Celestron, maker of telescopes and optical products has announced that they are entering into the GPS fray with a couple of new products; the CoursePro and CoursePro Elite GPS handhelds. The inexpensive units ($99 and $149 respectively), are able to tell distances to the front and back of the green while the Elite adds on scorecard data functions and hazard mapping.
Looks like they have access to 20,000 golf courses, but not sure if that is at an extra cost or if that is included in the purchase price. We'll try to find out and get back to you.
Pioneer has announced a new SmartCradle for the iPhone that will help turbocharge your GPS based App on the iPhone. The SmartCradle includes a GPS chip for higher accuracy, and a gyroscope and accelerometer for helping determine your location when the GPS read is failing in those urban canyons. The cradle will of course charge the iPhone while in the dock, because anyone who has used the GPS on an iPhone knows it sucks battery power like a leach.
To add to the coolness, the cradle will help boost the volume with an automatic sound leveling feature - more cabin noise, higher volume on the turn by turn directions.
Magellan announced the RoadMate 9055, a 7-inch navigation wonder that will support a new proprietary back-up camera that will be released this spring. The extra large screen is perfect for drivers living large in teh RV-class of things, where a remote back-up camera is a perfect addition and a large screen helps when the GPS is more than an arm's length away.
It's not just large, it's smart, with a lifetime traffic subscription, and comes with a built-in AAA TourBook of hotels, restaurants, local merchants and attractions. On top of that, lane assist, text to speech and the ability to access most used functions through a one-touch button all make this a feature packed device.
Nike and TomTom have collaborated to bring the Nike+ Sportwatch that is GPS enabled; giving fans of the Nike+ franchise new way to train and document their workouts. Nike has worked to enable training for pros and weekend warriors alike, and htis watch comes with some innovations that may just help users train more and achieve their goals. on top of that; it looks prety cool.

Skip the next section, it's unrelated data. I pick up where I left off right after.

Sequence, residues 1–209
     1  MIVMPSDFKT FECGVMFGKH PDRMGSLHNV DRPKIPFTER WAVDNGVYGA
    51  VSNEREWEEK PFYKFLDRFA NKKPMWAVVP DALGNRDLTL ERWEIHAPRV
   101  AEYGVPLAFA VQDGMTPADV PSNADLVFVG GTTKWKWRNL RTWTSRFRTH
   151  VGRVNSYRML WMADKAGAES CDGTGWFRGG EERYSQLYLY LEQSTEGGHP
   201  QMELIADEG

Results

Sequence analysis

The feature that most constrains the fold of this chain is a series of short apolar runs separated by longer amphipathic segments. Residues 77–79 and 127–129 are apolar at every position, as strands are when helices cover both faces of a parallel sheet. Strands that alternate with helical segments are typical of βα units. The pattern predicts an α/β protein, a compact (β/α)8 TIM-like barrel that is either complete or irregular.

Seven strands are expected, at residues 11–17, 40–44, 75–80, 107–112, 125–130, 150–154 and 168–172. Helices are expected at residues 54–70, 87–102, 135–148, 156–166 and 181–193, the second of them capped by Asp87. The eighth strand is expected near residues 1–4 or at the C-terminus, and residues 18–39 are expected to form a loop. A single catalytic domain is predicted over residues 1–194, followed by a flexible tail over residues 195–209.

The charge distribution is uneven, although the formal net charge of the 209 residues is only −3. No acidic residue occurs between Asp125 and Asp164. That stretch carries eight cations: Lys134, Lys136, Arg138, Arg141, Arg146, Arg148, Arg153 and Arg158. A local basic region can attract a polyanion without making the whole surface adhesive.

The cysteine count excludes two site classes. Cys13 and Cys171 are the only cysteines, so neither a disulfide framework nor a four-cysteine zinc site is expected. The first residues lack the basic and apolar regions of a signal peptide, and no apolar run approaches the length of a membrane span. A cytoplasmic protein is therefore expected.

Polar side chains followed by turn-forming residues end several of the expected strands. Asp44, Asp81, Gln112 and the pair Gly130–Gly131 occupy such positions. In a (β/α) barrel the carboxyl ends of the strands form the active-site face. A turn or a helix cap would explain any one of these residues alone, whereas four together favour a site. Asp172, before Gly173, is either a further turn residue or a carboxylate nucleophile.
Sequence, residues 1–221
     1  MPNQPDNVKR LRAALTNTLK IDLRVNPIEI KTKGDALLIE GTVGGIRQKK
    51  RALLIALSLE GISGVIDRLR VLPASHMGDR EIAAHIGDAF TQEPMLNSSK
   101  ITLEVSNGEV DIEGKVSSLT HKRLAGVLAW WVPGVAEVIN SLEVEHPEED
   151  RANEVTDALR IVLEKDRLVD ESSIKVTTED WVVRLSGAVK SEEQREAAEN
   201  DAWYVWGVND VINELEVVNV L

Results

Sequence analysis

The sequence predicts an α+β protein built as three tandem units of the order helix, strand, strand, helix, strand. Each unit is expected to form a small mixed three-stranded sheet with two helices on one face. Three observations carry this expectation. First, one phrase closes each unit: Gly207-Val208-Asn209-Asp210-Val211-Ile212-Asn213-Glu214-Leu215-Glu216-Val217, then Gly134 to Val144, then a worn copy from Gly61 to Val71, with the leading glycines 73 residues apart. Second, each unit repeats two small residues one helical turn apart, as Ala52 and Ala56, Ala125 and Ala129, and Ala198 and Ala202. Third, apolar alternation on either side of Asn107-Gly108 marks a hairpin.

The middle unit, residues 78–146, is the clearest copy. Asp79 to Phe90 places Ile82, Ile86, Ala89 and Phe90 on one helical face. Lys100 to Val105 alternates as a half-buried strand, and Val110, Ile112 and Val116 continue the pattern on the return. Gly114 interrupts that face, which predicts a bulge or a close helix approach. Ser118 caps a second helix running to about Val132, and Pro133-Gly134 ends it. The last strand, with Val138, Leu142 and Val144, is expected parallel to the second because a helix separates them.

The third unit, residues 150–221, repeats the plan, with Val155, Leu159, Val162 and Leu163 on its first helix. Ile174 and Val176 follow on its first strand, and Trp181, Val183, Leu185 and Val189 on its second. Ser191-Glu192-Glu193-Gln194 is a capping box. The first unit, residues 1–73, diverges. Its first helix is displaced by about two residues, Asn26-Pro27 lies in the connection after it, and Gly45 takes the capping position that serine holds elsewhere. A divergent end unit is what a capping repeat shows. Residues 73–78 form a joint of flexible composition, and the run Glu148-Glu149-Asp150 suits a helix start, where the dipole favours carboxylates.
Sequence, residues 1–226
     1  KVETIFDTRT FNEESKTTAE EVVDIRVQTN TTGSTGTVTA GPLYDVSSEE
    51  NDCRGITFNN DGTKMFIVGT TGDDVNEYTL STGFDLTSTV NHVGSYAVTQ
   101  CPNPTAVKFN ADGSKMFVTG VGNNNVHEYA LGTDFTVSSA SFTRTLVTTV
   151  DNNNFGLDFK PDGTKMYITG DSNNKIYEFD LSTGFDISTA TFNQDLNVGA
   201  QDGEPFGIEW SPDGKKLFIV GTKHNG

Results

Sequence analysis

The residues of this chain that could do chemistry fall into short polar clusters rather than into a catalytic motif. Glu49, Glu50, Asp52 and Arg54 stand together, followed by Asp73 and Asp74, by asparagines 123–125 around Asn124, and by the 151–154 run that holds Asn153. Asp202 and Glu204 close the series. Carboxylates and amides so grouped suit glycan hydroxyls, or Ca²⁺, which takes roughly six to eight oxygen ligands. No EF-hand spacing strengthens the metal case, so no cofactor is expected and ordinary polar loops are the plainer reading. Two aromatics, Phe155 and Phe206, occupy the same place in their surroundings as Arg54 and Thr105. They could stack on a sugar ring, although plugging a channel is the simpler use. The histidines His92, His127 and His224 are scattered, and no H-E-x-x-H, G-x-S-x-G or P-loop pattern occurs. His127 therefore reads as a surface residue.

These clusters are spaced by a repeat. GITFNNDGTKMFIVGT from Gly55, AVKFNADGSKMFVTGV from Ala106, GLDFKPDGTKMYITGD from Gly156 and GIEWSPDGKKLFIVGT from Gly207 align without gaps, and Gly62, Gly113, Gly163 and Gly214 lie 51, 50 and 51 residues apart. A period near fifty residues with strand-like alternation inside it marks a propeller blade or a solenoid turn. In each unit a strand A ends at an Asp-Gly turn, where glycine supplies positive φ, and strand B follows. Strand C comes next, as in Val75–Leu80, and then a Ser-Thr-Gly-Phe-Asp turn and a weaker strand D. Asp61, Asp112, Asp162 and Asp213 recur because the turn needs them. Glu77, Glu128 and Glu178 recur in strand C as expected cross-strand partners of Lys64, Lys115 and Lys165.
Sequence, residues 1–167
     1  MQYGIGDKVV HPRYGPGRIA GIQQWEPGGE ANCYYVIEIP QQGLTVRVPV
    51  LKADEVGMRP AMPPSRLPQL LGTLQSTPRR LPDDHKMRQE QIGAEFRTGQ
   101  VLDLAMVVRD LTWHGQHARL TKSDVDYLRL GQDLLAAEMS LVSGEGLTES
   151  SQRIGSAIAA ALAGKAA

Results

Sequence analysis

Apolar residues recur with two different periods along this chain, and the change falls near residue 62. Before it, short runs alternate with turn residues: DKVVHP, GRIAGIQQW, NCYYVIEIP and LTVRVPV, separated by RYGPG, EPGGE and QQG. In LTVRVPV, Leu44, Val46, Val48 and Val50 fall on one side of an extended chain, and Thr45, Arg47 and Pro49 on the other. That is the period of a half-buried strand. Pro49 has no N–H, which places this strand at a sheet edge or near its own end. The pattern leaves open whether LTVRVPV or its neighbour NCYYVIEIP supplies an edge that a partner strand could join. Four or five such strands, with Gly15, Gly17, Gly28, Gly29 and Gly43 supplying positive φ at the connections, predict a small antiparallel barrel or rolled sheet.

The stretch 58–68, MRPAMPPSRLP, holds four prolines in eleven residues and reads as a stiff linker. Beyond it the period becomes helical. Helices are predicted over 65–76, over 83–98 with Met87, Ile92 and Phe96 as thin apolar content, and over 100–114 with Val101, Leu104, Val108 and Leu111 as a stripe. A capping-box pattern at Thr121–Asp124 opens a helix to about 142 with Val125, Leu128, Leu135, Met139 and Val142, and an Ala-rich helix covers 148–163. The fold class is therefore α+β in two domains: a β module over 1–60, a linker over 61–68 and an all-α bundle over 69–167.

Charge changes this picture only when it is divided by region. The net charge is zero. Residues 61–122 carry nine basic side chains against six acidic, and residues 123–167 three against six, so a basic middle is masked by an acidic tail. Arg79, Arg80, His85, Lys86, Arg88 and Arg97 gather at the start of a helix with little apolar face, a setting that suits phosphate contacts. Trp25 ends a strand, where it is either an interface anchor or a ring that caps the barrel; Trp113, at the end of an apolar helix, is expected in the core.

So not only will the NIKE+ Sportwatch with GPS track the details of your run, but it will upload them automatically to the NIKEPLUS.com database for you automatically logging your run in any of the challenges or programs that you are participating in. The watch will give you some attaboys for personal bests and also nag you if you haven't logged a run in the last five days - ouch!
It already won a CES award for innovation as the screen serves as a "button" where you can tap it to activate the backlight and get more information.
I like the readout on the map showing where you pace was best and worst when you view the data in your post-workout analysis (See the video). It's a feature that they also have in their iPhone App - NIKE+ GPS App
The watch will be available in the US & UK by April 1, with a broader global rollout for later in the year. No word currently on Price.
Some may think that map making is boring work, but NAVTEQ has something up their sleeve that could revolutionize and humanize the navigation industry in ways that we hadn't imagined. Not since text to speech has a feature offered so much potential for helping people recognize the directions they get from their navigator.